The engine, the driver for me is creativity because I think, again, coming back to books and other things you need to have that to motivate children to want to take part in the lesson but I couldn't quantify that in terms of time because it kind of built in to everything so it's a bit tricky. In terms of the teaching element I put that as the main body of the tractor because obviously we have – In our school we teach at least an hour of English a day and then we have some extra bolt-ons so little SPAG sessions or little whole class reading sessions so it works out about seven and a half hours give or take”
Inspired by a whole school week on ‘The Lost Words' by Robert Macfarlane and Jackie Morris
“Last year we did a whole school week where we transformed our library, we did a fairytale one and each class took a fairy-tale, made artefacts, writing, we displayed it to transform the library because it was looking a bit of a sorry state. We wanted to refresh it so this year we've decided to do the 'Lost Words' week and tie it in with nature. So what I did was I did the input that we had in Year 6 which is the roots of the tree that you've got there, so things like reading 'The Lost Words'. Then on the trunk of the tree I put down what the Year 6 output was, so what work did they actually do? What things did they generate? ... My little acorn over here is the cost. I've got some little frown faces. We did buy three books so it was shared one book between two classes which is a shame that's all we could afford but that cost us £39 and it doesn't sound a lot but there isn't a lot of budget to go around for something like that.”
How I plan English sessions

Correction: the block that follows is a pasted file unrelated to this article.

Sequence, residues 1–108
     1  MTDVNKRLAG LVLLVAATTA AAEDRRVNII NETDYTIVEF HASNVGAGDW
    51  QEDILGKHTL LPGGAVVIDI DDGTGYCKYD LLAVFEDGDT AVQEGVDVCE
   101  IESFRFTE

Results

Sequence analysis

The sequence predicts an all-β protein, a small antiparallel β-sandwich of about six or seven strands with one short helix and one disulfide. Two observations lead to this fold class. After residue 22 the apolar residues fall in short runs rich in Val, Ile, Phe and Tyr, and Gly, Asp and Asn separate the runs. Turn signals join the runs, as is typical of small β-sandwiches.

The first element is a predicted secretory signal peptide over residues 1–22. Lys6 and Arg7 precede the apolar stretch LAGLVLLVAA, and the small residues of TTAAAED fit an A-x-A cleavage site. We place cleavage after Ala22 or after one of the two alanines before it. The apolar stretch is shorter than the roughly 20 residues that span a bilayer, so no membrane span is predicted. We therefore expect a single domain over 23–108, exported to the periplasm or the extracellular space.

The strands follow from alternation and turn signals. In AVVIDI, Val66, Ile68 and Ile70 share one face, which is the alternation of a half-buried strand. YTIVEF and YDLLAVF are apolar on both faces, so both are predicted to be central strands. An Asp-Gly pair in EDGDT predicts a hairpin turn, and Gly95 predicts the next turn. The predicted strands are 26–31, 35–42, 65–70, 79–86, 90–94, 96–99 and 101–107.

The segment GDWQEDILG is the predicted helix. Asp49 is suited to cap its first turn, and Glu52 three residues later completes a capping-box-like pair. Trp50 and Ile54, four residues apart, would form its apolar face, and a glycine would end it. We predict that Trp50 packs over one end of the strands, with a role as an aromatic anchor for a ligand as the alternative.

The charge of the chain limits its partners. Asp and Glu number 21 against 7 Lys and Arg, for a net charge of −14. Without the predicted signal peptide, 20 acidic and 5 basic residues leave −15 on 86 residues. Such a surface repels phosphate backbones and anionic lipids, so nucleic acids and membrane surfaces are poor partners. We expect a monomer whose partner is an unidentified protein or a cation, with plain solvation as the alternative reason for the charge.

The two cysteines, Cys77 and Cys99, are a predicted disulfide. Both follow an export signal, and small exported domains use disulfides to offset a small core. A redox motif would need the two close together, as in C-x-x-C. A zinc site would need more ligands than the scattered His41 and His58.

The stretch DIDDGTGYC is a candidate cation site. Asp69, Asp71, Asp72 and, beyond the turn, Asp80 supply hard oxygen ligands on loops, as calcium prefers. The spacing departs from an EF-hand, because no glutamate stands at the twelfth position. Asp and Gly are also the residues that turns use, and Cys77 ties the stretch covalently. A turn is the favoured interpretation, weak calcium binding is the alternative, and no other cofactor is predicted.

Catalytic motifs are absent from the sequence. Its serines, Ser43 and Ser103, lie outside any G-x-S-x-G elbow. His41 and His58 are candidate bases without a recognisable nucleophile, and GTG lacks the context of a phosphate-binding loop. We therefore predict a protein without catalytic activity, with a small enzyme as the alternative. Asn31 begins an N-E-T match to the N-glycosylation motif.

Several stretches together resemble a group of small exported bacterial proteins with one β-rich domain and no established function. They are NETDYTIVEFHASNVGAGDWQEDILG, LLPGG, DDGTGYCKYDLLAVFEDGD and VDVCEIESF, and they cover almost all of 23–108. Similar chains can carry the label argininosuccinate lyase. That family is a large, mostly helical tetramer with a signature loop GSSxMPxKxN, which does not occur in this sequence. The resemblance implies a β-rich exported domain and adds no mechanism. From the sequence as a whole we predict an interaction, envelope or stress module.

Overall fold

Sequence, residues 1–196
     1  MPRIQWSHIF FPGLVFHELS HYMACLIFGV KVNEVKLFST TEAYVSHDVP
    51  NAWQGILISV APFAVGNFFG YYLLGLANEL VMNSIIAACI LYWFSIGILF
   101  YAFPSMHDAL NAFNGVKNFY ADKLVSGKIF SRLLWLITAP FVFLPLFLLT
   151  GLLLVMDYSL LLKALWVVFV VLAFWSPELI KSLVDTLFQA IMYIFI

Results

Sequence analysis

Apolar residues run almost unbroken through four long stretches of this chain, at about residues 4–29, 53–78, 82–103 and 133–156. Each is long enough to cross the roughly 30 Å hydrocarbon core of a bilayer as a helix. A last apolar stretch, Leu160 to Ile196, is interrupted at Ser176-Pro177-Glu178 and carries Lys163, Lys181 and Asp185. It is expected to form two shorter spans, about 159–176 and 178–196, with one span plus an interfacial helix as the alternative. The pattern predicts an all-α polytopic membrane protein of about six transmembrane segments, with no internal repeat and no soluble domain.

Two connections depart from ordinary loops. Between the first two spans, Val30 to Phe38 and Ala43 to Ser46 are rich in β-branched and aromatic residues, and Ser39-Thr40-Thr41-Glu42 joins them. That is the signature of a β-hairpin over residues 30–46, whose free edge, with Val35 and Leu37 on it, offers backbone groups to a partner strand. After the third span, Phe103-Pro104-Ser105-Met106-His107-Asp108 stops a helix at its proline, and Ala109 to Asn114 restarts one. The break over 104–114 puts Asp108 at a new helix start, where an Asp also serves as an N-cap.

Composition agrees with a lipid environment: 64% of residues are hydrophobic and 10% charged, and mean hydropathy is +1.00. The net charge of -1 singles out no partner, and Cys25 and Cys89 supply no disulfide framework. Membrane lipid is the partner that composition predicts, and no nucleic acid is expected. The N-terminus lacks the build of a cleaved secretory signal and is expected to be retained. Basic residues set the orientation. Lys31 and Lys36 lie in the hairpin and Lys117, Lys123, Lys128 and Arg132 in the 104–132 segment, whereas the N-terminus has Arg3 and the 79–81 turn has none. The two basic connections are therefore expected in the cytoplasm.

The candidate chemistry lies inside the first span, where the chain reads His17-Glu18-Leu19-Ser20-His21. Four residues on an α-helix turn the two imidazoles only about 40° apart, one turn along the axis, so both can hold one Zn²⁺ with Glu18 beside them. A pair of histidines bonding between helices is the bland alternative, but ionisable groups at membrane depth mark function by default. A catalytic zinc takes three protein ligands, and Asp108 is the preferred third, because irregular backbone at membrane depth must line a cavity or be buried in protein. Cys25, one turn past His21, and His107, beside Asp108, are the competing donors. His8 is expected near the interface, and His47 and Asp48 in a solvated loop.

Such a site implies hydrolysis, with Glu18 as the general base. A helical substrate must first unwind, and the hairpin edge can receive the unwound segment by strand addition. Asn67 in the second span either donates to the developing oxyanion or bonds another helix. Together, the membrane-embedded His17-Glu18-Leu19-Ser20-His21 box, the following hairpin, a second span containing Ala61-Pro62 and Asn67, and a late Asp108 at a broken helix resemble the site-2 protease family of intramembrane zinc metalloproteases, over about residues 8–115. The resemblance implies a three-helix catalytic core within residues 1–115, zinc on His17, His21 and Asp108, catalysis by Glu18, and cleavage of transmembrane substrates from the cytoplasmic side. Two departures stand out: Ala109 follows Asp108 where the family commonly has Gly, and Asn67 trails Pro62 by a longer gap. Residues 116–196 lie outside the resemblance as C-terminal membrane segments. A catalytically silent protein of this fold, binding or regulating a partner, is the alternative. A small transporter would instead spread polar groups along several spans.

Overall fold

"In terms of the really badly drawn brain in the bottom corner! Again, I do try and make it so that there's something thought provoking in there and while I was writing down what I could draw for these, which is my little list at the bottom, I was thinking, right, I want to do something in terms of size to represent how much stock I put in to those. So the sizes and where they are on the page is relating to how much of a conscious focus I put on them when I'm planning. So obviously I try and get something that's thought provoking, I try and get something that sparks imagination. Something that does create a little bit of individuality so that's a little floaty person in the blue bit because, again, what I'm very aware of is as Year 6 we do fall in to a danger of producing little robots that can answer a test and off they go and I'm very aware that I don't want that to happen so I think I try and keep that at the centre to try and make sure that there is that creativity and that the individual children can use those possibilities and float off and it's not a big deal and I try not to panic if their outcome is totally different to what I expected, I sort of shift my expectations almost."